Marcus Tullius Cicero famously stated: “In times of war, the law falls silent.” This observation, made by Cicero more than 2,000 years ago, rested on his experience during the end of the Roman Republic, and the civil wars that brought it down. He saw firsthand that war provides ample opportunity for politically motivated mob violence, as partisan leaders in the senate were supported by armed gangs.
Civil wars birth mob violence, as it is all too easy to accuse the opposition of treason, which always has been (and likely always will be) a capital offense. The American Civil War is no exception, and it is entangled with Cherokee County’s history.
In Georgia, the vote on the Ordinance of Secession passed with 70% of delegates approving, but virtually all of the votes against were by delegates from northern counties. Cherokee County cast all three of its votes for secession. Notably, Gov. Joseph Emerson Brown, an ardent secessionist, was from Canton. In contrast, Pickens County voted unanimously against secession.
Regardless of which of the 33 states you resided in during this time, you had neighbors who agreed with you and others who did not. In the minds of Unionists and Confederates, those with an opposing view could be seen as treasonous, and that is where the life of Lt. Col. Benjamin McCollum went awry.
McCollum, the son of a prominent Canton family, was in his late teens when he and his brother Robert found themselves privates in the Confederate Army. By all accounts, Benjamin served quite honorably, seeing action at major battles, including Gettysburg, and rising to the rank of captain. Robert was injured in 1864, and it’s thought that Benjamin brought him home.
Once here, the governor promoted Benjamin to the rank of lieutenant colonel. Brown believed in states’ rights, and he also believed that local troops should be used only for the defense of Georgia. The war was raging in Georgia at the time — Atlanta fell to Gen. William T. Sherman in the summer of 1864 — so Brown authorized McCollum to form McCollum’s Scouts.
These “scouts” were formed to exist as a guerrilla group within the citizenry, and were charged to ensure locals didn’t assist Sherman’s men with information or provision. As much of North Georgia hadn’t been in favor of secession to begin with, and many still were vocal in the opposition to the war, McCollum’s Scouts were to make clear to everyone that supporting the Union was considered treasonous, and they would be dealt with violently. The scouts weren’t the only group; another organized by Benjamin Jordan, also a returning soldier, was known as the Cherokee Scouts. And, in keeping with Cicero’s observation, there was nothing similar to due process involved. If word came to them that someone had supported Sherman’s men, they were caught, then shot or hanged.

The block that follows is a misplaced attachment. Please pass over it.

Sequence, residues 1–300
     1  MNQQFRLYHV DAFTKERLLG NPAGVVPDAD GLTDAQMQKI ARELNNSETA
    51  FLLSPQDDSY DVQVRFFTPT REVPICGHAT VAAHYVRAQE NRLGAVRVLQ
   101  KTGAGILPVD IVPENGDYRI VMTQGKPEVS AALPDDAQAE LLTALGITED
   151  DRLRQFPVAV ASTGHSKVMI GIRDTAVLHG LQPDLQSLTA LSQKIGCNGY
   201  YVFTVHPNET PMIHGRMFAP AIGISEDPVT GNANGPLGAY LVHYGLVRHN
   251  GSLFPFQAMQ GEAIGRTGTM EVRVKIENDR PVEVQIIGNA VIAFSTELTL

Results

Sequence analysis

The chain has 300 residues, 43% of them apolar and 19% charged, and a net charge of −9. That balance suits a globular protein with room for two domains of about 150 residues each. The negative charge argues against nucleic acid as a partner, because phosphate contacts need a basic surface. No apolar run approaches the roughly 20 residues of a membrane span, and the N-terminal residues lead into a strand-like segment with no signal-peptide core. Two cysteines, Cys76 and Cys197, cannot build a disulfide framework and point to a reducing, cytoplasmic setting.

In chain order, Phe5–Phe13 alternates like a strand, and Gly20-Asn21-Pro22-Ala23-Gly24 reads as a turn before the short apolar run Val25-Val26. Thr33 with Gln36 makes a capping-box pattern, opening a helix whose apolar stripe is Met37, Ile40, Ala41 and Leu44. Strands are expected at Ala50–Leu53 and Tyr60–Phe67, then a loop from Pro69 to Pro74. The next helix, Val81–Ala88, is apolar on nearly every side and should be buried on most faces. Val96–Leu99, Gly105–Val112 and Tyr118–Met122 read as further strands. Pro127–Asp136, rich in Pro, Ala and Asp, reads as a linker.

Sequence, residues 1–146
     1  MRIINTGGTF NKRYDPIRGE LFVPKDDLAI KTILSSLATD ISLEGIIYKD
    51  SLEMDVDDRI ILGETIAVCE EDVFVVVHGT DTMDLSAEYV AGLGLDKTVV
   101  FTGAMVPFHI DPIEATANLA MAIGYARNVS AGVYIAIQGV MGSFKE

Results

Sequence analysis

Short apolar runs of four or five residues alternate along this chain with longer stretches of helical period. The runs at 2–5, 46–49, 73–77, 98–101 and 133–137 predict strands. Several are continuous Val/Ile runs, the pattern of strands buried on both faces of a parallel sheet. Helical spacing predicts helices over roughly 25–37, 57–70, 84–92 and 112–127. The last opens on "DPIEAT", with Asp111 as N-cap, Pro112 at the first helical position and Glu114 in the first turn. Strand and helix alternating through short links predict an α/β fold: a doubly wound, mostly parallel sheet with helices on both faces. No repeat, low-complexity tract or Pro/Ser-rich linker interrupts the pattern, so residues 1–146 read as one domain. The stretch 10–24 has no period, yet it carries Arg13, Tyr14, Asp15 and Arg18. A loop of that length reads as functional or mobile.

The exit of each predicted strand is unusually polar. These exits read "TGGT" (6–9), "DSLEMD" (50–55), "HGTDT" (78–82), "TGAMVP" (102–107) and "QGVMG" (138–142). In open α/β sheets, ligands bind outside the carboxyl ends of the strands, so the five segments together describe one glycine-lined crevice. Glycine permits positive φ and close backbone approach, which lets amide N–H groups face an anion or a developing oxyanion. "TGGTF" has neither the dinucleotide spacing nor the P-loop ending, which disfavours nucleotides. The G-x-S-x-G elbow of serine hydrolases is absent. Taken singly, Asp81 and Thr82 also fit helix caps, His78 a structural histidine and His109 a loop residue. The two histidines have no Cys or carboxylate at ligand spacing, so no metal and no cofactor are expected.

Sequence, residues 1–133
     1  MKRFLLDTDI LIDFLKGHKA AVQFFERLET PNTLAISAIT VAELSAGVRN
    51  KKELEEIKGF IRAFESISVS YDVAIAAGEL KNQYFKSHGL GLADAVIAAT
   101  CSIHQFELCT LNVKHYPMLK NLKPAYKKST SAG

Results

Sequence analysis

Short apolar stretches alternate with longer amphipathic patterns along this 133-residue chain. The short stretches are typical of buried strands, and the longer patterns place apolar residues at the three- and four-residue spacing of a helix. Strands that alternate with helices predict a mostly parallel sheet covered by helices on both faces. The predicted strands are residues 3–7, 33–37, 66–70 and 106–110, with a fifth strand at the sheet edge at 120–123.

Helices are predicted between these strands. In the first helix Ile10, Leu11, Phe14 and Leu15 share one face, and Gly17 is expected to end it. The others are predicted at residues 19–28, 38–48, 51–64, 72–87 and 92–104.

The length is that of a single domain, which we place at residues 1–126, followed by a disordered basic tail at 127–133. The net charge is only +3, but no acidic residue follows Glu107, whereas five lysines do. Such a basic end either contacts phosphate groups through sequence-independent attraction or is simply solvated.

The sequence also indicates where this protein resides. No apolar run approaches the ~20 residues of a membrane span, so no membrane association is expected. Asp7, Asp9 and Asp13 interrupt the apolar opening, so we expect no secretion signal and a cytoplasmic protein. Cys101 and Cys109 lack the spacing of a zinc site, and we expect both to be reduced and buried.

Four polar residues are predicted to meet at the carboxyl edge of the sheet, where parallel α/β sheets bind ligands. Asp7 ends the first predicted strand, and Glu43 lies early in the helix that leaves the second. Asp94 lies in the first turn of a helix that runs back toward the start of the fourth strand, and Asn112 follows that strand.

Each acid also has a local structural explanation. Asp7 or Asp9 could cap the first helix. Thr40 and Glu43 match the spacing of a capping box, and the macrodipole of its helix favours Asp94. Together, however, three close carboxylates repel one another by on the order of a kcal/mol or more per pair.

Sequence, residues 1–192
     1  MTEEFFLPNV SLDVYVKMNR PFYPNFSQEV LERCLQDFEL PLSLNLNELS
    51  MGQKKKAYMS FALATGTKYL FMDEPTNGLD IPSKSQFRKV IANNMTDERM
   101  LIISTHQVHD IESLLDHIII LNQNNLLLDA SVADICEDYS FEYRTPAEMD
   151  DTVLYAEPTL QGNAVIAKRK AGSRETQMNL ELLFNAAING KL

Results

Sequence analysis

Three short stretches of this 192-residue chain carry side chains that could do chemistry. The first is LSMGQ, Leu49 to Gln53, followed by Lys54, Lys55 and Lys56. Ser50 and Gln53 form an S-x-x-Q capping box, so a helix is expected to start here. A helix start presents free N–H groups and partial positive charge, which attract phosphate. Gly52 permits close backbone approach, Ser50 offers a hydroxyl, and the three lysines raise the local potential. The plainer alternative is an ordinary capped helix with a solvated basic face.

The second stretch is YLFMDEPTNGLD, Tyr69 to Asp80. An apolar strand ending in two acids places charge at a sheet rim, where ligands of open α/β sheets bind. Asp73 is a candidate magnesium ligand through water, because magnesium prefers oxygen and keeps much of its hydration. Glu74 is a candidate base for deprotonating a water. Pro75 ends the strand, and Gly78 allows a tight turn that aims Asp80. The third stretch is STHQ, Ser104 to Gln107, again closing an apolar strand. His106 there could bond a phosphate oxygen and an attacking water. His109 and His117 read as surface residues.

Larry Cavender’s “Patchwork Quilt” book series on the history of Cherokee and nearby counties has much more detailed information on these bands, and almost all of what I include here comes directly from his work. Among other specific events, Cavender relates the unfortunate story of Andrew Jones in November 1864.
Approached by two men asking for food and shelter, Jones fed them and allowed them to spend one night on his porch. As it turns out, the men were Confederate Army deserters. When McCollum learned of the assistance given by Jones (it isn’t clear whether or not Jones knew who they were), Jones was captured and taken away from his property. His family learned three days later that he’d been taken south of Canton, and hung alongside the Etowah River. A daughter and daughter-in-law carted the body back for burial. (After the war ended, McCollum eventually was indicted in Pickens County for murdering Jones, but he never stood trial.)
Later that month, Sherman sent soldiers to burn down Canton, an act which an Augusta newspaper reported “was done in retaliation for the hanging of some Tories in that section by our Scouts.”
As always in civil wars, one man’s traitor is another man’s hero. And, when the war ends, the viewpoint of the victor often is the one that carries the force of law. As such, in 1873 men from Pickens County came to Cherokee and arrested McCollum for Jones’ hanging. On their way back to Pickens, McCollum attacked one of the men with a knife and escaped unhurt. He left the area, became an attorney and eventually wound up in Hampton. During this time, he had several run-ins with others. And, in 1880, an encounter with a deputy sheriff proved fatal.
By then, McCollum was married, with four children. His family rushed to the scene, only to find him dead. After surviving battles from 1861 to 1864, a bullet finally caught up to him.
If Cicero’s quote captured the essence of Ben McCollum’s life, then another man living less than 100 years after Cicero may have captured the essence of McCollum’s passing: “Then Jesus said unto him, put up again thy sword into his place; for all they that take the sword shall perish with the sword.” — Matthew 26:52
McCollum’s wife remarried. His daughter, Evelyn, who’d been born in Holly Springs and was around 10 when her father died, achieved a certain notoriety herself after marriage to her second husband. He was a football coach, a man named John Heisman … but that is another story, for another time.
– The Wanderer has been a resident of Cherokee County for nearly 20 years, and constantly is learning about his community on daily walks, which totaled a little more than 1,800 miles in 2021. Send questions or comments to firstname.lastname@example.org.
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